Posts Tagged ‘Borgarfjörður’


After a dark winter with an awful weather nothing is as pleasant when migrant birds arrive to the country in the spring. Most birds arrive in April and May, and few species in Mars and June. So in mid May the air is loaded with birds song. What amazes me always is the fact that many of these birds are coming far distances from hot claimed continents like Africa and when they arrive they still have the power to fly around and sing almost 24/7 in several weeks.
It was no exception to this on May 12, 2019 when I arrived at Stafholtstungur in SW of Iceland  with my recording gear. Lot of snow was still in the mountains and the weather was cold but dry.
There are many bird species in this recording. Common Snipe, Golden Plover, Whimbrel, Common Redshank, Black Taled Godwit, White Wagtail, Winter Wren, Northern Wheatrxear, Snow Bunting, Rock Ptarmigan, Common Starling, Redwing, Great Northern Diver, Read Throated Diver, Whooper Swan, Graylag Goose and probably other species too.
This is a part of 9 hour recording I record over night with four Lewitt LCT540s microphones in IRT cross setup.   
Even though this part was recorded early morning, between 3:00 & 3:30, the recording is disturbed by human traffic in air and on ground. Wind noise which is usually difficult to avoid are audible in some moments. 
I do not strictly follow the rules about the IRT setup. I have 30cm / 90° between all capsules.
Counting clockwise normal arrangement for the channels are 1-2-3-4  to  L-R & Rs-Ls. But I pair these four channels L-R-L-R into stereo. This allows me to record 360° soundscape with four separated microphones without exactly noticing any time errors.
At the same time I also have four stereo recordings into individual directions which can be useful in some circumstances.
The problem with this „IRT stereo mix“ is that I can´t locate the direction of the sound source. But if I need that information I can always get it in the original recording file. 
In this recording Ch1 is facing to north, Ch2 to east, Ch3 to south and Ch 4 to west
This is a high gained recording. Recorder with 50dB gain, plus 24dB in post, close to be normalized (-3dB). So this is a „quiet“ recording even though it seems to be loud.. Quality open headphones are recommended while listening at low to mid level, or in speakers at low level.

(mp3 256kbps / 62Mb)
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Recorder: Sound Devices MixPre6
Mics: Lewitt LCT540S (IRT cross arrangement)
Pics: Canon EOS-M
Location: 64.673439, -21.628673
Weather: Calm to light gust, Cloudy  about 2°C 

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IMG_5242 (1400x933)

It is shocking how hard it is to find quiet places. Our planet is completely rumbling of humans machines. It does not matter where it is, in the ocean on land or in the sky. The situation just goes worse every year.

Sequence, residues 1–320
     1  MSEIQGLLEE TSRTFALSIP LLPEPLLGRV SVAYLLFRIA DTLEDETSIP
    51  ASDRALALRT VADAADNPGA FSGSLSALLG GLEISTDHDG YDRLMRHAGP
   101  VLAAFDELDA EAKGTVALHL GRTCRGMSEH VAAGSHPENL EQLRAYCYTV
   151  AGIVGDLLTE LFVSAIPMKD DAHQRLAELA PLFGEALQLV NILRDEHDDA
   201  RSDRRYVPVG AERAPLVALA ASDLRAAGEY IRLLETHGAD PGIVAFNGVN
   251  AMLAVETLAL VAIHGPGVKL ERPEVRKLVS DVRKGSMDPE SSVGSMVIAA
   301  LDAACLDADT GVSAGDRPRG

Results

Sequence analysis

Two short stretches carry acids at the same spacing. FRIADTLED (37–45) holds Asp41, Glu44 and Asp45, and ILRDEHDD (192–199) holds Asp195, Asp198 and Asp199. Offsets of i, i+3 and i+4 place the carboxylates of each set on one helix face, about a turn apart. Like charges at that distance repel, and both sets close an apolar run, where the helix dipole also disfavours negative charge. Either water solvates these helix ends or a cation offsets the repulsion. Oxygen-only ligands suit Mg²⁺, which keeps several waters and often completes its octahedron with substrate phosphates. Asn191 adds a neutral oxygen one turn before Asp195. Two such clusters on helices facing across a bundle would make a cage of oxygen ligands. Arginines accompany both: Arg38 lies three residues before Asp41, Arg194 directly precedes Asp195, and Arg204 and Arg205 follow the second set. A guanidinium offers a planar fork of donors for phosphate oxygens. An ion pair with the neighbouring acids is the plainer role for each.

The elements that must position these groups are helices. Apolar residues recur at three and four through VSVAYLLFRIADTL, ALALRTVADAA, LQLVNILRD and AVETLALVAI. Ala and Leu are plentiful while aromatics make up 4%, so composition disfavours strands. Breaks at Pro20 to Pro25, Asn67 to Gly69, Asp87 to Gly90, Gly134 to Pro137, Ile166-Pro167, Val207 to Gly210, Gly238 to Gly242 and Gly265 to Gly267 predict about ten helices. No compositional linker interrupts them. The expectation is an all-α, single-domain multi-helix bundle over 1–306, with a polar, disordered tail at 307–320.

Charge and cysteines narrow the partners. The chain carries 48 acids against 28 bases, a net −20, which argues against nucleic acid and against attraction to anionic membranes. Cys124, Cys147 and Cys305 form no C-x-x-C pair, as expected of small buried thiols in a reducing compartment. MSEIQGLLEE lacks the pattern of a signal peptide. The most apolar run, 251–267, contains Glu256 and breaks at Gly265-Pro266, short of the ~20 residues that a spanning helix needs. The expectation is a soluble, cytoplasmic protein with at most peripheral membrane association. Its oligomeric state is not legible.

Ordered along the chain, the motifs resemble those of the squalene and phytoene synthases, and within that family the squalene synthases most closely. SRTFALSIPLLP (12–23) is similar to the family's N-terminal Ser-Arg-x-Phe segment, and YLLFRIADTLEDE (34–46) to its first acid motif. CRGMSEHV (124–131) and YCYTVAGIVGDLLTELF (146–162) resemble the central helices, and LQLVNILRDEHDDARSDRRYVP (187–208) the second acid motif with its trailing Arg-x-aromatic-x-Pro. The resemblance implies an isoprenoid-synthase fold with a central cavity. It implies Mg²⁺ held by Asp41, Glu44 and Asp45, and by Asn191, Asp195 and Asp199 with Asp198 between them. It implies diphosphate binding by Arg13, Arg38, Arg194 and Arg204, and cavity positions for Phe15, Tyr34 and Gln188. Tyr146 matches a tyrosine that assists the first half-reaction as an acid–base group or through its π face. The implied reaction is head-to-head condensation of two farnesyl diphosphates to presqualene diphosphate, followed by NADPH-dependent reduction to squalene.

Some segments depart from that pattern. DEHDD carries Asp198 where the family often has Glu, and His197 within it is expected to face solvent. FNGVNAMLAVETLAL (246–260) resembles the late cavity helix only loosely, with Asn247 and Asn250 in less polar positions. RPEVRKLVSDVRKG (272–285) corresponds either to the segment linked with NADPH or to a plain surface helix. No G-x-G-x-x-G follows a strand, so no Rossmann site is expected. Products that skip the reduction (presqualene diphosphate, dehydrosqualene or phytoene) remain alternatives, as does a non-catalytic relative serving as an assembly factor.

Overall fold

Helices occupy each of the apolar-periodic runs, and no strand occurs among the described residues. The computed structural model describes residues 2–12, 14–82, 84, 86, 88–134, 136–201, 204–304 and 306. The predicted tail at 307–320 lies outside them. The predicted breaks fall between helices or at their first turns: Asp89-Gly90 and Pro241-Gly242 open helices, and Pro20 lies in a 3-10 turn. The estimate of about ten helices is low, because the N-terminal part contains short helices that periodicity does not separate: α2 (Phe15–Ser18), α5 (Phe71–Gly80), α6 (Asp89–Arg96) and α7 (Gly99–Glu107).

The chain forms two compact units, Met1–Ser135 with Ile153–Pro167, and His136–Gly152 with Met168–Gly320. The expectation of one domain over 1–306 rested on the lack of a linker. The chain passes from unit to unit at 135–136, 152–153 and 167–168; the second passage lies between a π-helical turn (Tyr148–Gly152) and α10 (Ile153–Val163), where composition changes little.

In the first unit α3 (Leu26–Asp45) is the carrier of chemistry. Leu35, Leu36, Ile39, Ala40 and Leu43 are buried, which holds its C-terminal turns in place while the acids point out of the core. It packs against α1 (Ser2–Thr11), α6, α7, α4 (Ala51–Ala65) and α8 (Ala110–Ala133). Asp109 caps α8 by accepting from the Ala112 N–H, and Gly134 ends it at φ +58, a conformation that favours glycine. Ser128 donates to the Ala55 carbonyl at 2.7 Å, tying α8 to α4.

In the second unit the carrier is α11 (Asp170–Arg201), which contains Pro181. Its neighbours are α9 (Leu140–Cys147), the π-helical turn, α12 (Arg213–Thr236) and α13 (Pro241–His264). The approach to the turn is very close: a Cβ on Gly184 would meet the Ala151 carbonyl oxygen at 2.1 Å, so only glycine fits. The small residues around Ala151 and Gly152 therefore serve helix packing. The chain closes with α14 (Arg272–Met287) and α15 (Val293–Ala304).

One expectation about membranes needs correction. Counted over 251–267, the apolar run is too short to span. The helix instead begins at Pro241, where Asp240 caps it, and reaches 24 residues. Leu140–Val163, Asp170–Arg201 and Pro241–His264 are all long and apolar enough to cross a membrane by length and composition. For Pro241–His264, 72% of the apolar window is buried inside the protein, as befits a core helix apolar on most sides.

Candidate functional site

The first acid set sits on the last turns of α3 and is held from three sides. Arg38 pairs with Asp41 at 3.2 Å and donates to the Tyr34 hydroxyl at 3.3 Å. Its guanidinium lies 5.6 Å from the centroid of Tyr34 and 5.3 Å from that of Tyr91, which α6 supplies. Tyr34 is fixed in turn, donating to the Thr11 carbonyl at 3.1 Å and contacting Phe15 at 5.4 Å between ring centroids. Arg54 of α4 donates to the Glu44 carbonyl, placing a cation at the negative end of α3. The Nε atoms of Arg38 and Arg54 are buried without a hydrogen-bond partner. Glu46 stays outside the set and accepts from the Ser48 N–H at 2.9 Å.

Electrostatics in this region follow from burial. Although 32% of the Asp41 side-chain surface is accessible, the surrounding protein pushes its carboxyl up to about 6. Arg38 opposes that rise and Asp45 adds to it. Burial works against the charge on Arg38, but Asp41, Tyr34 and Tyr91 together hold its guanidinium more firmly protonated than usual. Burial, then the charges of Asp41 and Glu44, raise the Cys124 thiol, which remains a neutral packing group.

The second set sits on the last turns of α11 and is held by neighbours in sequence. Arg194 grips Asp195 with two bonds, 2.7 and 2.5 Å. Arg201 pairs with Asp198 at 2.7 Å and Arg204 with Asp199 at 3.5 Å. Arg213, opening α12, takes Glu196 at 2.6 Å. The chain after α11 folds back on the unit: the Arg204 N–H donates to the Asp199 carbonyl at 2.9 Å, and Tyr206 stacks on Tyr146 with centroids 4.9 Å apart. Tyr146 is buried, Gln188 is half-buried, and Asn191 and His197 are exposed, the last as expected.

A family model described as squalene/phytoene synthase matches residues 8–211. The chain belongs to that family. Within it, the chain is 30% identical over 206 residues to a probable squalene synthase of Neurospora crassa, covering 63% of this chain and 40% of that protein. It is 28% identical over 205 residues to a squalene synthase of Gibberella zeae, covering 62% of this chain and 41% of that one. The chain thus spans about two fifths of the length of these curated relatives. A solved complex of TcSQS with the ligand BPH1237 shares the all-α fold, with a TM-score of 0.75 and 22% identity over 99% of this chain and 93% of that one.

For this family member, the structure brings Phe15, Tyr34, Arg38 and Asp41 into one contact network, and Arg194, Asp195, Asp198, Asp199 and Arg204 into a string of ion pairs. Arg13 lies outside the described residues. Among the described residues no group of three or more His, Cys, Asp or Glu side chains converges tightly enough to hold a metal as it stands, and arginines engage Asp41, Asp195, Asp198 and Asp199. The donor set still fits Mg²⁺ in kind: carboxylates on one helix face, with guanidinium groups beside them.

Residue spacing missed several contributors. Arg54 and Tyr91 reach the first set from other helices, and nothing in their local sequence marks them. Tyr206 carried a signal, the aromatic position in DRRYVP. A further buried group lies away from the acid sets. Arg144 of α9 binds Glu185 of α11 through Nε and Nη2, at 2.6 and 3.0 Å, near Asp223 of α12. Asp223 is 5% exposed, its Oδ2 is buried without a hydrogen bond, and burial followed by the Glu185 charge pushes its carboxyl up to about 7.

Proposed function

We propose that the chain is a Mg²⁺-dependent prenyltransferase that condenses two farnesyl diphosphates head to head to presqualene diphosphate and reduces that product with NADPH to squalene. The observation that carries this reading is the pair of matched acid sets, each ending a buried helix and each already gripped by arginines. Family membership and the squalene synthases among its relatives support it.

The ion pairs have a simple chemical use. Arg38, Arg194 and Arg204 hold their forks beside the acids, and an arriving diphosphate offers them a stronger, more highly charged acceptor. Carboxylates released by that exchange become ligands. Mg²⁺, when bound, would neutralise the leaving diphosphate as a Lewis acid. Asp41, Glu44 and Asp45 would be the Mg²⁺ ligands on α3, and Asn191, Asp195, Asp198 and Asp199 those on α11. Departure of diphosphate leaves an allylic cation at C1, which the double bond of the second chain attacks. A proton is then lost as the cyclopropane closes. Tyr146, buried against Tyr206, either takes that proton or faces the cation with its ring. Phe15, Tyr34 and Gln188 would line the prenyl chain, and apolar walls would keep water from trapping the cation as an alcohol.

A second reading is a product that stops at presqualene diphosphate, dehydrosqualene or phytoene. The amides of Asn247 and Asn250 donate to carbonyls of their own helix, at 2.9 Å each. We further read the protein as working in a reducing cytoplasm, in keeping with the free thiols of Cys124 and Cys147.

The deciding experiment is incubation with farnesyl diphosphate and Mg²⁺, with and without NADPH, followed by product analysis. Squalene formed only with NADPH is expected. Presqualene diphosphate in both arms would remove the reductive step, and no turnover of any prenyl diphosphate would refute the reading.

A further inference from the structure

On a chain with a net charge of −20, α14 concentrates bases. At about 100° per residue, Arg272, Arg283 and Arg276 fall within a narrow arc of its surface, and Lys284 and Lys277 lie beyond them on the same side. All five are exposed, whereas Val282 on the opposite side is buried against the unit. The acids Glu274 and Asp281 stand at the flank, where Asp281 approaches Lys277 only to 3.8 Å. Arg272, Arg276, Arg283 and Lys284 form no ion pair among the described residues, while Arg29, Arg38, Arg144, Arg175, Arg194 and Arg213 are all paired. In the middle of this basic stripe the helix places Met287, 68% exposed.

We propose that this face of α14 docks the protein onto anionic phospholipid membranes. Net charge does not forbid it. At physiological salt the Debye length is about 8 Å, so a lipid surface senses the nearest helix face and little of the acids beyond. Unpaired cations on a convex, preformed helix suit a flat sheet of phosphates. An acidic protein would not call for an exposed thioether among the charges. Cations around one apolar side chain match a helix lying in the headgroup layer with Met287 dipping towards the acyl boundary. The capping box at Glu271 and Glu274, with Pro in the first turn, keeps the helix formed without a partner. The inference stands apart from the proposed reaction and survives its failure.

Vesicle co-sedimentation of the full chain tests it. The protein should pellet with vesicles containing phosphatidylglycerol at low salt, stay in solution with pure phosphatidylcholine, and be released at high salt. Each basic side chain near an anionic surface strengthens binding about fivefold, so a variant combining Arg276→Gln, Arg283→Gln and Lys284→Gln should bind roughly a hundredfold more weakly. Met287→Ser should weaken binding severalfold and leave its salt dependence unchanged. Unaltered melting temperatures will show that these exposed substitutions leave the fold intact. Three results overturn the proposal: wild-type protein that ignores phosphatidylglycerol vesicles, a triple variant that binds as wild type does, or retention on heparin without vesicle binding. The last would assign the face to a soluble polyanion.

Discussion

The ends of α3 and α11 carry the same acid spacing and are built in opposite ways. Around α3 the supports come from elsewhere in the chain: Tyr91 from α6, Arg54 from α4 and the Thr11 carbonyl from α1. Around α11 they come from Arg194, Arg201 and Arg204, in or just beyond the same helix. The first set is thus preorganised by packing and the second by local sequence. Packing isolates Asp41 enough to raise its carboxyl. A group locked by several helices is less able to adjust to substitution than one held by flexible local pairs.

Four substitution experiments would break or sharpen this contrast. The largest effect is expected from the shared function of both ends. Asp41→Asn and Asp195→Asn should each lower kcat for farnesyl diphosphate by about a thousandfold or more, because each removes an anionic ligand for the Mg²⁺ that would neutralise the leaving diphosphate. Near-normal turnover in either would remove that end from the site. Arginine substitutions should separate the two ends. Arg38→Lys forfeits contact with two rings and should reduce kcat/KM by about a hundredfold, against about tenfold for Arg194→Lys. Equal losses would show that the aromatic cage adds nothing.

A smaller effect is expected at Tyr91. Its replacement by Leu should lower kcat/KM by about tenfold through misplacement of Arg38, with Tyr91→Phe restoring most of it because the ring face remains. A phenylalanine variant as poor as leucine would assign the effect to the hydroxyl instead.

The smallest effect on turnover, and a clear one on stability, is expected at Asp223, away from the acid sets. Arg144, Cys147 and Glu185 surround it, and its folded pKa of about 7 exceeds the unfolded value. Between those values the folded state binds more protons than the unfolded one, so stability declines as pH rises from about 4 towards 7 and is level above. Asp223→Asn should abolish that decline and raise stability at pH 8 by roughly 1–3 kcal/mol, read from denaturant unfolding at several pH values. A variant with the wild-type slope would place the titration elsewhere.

But „quiet nature“ is not „nothing“. It can be a glorious soundscape with lot of details that can be really wonderful to listen. That is one of the reasons why „quiet nature“ is my favorite recording material. It is hard to find and always difficult to record.
It is a luck to get a nice recording of ¨quiet nature“ It must be all in one, right place, correct time and specific calm weather.
Most of Iceland is without trees or forest. It is mostly bare open landscape so sound can travel in long distances. Sometimes is it possible to hear traffic up to 30 km away. So just one car can cover a huge area with noise pollution for a long time.
In October 2013 I was recording over night in Stafholtsunga, west Iceland. I located the microphones in a ditch to avoid traffic noise as much as possible. But traffic noise all over the county and air conditioner at nearby farm infected this recording most of the time.
The recording starts between 6 and 7am.
If you have quality headphones and sound card you will hear many other things than noise. You will hear in several bird species like raven, starling and swans and birds activity near the microphones. Also barking dog, sheep and horses in distance. You will hear some dripping sound from the groundwater in the ditch. Gust will also gently weep grass and nearby bush.
Quality headphones are recommended while listening at low level in relaxed position.

Dögun í Stafholtstungu, fyrsti hluti

Það er orðið skelfilegt hversu erfitt er að komast í „náttúrulega þögn“ án vélrænna hljóða frá manninum. Það skiptir engu hvar maður er og á hvaða tíma dags, hávaðinn er alls staðar frá vélum mannsins, í sjónum, á landi og í lofti.
En stundum kemst maður í ágætis færi við „þögula náttúru“ svo langt sem það nær. Auðvitað mætti komast í þessa þögn fjarri mannabyggð en áskorunin er mest að ná þeim í byggð, enda er þar mjög margt áhugavert sem spennandi er að hlusta á án vélahljóða.
Þann 20. október 2013 var ég í Stafholtstungum í Borgarfirði. Setti ég hljóðnema í skurð svo að umferðin í sveitinni kæmi sem minnst inn á upptökuna.
Þarna má heyra ýmsilegt svo sem í húsdýrum, fuglum sem og ýmsu sem fer fram hjá flestum í dagsins önn.
Mælt er með því að hlusta á þessa upptöku í góðum heyrnartólum og á lágum hljóðstyrk um leið og slakað er á í þægilegum stól eða rúmi.

Download mp3 file. (256kbps / 56.6Mb)

Recorder: Sound devices 744
Mics: Sennheiser MKH20 (AB40)
Pix: EOS-M
Rec. Location: 64.672699, -21.629450
Weather: Clear sky, calm, -4°C

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